Drugs

FDA Drug Safety Communication: FDA confirms increased risk of leg and foot amputations with the diabetes medicine canagliflozin (Invokana, Invokamet, Invokamet XR)

[ 5-16-2017 ] Based on new data from two large clinical trials, the U.S. Food and Drug Administration (FDA) has concluded that the type 2 diabetes medicine canagliflozin (Invokana, Invokamet, Invokamet XR) causes an increased risk of leg and foot amputations. We are requiring new warnings, including our most prominent Boxed Warning, to be added to the canagliflozin drug labels to describe this risk.

Patients taking canagliflozin should notify your health care professionals right away if you develop new pain or tenderness, sores or ulcers, or infections in your legs or feet. Talk to your health care professional if you have questions or concerns. Do not stop taking your diabetes medicine without first talking to your health care professional.

Health care professionals should, before starting canagliflozin, consider factors that may predispose patients to the need for amputations. These factors include a history of prior amputation, peripheral vascular disease, neuropathy, and diabetic foot ulcers. Monitor patients receiving canagliflozin for the signs and symptoms described above and discontinue canagliflozin if these complications occur.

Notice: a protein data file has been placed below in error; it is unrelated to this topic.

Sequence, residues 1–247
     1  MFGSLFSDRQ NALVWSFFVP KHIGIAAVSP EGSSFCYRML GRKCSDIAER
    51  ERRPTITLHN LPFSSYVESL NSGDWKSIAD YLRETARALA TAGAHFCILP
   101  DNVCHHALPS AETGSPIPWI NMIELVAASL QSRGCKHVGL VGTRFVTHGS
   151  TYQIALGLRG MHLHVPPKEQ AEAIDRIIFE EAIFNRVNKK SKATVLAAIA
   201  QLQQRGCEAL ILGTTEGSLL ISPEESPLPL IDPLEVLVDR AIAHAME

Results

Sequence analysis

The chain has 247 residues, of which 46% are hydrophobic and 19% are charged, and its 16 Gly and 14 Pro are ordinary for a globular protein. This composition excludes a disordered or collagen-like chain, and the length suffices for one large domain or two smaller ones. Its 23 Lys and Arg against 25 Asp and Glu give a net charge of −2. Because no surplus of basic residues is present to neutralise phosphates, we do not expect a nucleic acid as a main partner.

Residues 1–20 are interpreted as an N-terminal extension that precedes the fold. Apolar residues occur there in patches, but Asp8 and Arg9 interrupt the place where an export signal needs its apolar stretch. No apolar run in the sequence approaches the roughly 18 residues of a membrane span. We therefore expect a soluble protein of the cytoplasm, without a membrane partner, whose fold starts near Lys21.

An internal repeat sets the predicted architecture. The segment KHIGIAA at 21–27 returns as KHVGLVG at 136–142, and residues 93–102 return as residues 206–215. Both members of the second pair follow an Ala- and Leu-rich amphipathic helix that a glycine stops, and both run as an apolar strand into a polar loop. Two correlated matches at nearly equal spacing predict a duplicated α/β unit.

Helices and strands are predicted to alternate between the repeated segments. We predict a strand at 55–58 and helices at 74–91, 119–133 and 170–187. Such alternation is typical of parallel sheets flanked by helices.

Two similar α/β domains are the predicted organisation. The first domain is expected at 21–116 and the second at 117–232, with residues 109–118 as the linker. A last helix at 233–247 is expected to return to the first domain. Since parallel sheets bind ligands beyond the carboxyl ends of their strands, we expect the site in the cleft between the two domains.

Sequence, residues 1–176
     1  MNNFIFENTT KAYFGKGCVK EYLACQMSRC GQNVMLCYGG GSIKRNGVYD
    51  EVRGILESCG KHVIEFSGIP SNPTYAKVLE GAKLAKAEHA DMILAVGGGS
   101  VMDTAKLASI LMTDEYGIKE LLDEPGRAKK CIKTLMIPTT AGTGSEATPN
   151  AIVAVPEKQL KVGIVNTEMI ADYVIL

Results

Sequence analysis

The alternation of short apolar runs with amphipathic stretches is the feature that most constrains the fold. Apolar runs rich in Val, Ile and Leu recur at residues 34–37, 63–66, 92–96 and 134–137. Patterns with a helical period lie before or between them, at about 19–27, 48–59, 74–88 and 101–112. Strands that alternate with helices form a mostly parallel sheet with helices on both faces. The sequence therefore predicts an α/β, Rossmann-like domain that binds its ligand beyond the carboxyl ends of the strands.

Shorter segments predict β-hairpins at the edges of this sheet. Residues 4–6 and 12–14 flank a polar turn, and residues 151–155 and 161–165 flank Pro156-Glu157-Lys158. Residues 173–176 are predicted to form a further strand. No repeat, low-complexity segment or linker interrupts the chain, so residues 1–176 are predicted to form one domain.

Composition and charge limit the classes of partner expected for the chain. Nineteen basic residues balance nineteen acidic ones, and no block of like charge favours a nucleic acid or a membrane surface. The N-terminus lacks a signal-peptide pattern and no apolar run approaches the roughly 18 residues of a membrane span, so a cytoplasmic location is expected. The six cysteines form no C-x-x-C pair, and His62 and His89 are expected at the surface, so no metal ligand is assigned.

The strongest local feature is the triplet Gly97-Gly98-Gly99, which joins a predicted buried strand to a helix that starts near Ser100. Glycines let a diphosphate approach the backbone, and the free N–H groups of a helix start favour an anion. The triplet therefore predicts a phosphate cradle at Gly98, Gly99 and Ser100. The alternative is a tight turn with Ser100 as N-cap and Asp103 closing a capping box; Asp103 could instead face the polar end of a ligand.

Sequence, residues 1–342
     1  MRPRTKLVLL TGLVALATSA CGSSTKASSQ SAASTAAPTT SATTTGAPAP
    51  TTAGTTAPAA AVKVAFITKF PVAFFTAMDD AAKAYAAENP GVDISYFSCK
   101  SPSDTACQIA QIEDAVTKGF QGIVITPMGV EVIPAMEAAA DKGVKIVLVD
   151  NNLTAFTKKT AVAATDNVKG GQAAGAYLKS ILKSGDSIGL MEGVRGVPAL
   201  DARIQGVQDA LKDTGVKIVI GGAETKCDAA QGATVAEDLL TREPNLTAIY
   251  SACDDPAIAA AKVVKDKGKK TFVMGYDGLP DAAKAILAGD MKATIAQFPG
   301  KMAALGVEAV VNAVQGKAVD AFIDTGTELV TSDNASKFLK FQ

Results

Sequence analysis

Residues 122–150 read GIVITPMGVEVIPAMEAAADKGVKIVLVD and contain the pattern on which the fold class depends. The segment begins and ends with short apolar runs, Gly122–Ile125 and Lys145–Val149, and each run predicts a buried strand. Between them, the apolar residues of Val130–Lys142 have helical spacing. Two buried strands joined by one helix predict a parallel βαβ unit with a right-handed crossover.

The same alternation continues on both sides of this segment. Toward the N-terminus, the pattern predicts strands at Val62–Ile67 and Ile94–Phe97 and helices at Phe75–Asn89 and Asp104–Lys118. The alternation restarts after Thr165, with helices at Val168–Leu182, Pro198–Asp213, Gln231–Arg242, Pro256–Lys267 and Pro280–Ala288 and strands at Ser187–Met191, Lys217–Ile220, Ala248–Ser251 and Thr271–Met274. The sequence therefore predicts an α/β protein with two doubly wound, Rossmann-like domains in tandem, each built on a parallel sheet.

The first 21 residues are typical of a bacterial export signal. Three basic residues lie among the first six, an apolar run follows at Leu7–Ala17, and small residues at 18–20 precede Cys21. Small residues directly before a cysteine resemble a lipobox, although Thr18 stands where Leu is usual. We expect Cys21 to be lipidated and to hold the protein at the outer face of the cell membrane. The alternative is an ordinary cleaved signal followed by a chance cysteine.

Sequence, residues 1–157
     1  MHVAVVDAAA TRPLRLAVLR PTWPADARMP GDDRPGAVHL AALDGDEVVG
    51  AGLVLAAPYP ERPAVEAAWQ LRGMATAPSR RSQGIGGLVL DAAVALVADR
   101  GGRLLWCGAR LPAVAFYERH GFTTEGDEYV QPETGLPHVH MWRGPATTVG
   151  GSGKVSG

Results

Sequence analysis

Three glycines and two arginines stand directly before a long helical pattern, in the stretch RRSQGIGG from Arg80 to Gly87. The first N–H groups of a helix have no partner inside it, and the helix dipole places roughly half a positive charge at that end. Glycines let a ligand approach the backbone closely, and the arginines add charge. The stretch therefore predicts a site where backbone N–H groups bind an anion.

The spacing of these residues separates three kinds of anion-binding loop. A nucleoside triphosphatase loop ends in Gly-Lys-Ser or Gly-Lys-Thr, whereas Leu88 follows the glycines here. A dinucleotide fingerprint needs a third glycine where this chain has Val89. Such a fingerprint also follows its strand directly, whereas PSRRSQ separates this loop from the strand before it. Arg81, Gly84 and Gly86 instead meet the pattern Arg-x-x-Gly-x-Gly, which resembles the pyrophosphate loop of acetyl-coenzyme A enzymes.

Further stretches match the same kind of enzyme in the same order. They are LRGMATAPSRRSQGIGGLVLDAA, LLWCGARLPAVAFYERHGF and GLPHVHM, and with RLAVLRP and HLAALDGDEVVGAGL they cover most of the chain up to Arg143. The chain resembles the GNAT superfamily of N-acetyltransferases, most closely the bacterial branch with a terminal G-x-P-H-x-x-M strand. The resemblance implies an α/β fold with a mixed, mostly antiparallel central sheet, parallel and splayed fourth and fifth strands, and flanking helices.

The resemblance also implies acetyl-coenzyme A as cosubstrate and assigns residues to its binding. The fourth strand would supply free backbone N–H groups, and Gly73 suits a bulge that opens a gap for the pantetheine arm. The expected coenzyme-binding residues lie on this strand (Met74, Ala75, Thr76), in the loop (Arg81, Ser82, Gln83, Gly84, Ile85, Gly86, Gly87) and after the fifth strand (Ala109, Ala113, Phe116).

Untreated, type 2 diabetes can lead to serious problems, including blindness, nerve and kidney damage, and heart disease. Canagliflozin is a prescription medicine used with diet and exercise to lower blood sugar in adults with type 2 diabetes. It belongs to a class of drugs called sodium-glucose cotransporter-2 (SGLT2) inhibitors. Canagliflozin lowers blood sugar by causing the kidneys to remove sugar from the body through the urine.

Final results from two clinical trials – the CANVAS (Canagliflozin Cardiovascular Assessment Study) and CANVAS-R (A Study of the Effects of Canagliflozin on Renal Endpoints in Adult Participants With Type 2 Diabetes Mellitus) – showed that leg and foot amputations occurred about twice as often in patients treated with canagliflozin compared to patients treated with placebo, which is an inactive treatment. The CANVAS trial showed that over a year’s time, the risk of amputation for patients in the trial were equivalent to:

  • 5.9 out of every 1,000 patients treated with canagliflozin
  • 2.8 out of every 1,000 patients treated with placebo